I also welcome the promise yesterday, by Lloyds TSB, to pass on in full any further reductions in rates this year and next to small businesses.

And the pledge, from RBS, Bradford and Bingley, and Northern Rock, not to initiate repossession proceedings for at least six months after arrears start.

Banks must treat their customers fairly.

In the same way that banks expect customers to stick to their side of the deal, customers can expect the banks to stick to theirs.

So yesterday, we announced that it will take steps to put voluntary Banking Code, which governs the banks’ behaviour towards its customers, on a statutory footing.

And when people are encountering difficulty repaying their mortgage, it is right that they should receive help.

A moratorium on repossession from the banks.

And now help from the Government so that they can defer a proportion of their interest payments until they get their finances back on track.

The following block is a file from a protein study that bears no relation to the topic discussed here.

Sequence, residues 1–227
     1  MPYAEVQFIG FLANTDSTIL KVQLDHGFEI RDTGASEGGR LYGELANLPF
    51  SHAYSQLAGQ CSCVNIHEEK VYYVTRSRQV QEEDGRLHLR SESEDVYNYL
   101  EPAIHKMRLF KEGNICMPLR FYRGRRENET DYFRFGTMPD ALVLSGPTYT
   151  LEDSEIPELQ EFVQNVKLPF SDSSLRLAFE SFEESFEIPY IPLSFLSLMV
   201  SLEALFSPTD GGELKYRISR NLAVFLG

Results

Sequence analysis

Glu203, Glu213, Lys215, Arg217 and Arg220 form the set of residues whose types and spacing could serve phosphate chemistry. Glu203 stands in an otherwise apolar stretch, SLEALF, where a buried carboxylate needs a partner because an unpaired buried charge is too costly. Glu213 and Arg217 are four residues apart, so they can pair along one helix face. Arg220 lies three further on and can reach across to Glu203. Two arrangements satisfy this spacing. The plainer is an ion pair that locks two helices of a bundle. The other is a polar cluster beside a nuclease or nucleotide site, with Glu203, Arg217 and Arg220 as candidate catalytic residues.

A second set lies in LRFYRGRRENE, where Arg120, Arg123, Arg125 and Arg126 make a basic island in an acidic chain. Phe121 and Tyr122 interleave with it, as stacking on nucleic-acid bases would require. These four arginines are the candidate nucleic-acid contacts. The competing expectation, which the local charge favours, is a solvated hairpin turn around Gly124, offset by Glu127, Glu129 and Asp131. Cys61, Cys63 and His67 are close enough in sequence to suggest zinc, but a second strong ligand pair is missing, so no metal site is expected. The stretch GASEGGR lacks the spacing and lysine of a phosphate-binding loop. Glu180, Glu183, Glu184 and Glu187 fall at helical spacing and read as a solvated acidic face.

Lots of people are worried about losing their home – this is an important step, to reassure people and bring confidence to the market.

So they will now that if they get into trouble with their mortgage – there will be help for them.

And we will do more to make sure that the wider availability of lending is kept going.

We want all businesses and homeowners to be able to get affordable credit.

RBS, and if the merger goes ahead between HBOS and Lloyds, will have legally binding commitments to maintain lending availability.

But we need a resumption of lending, not only at these banks, but at all banks.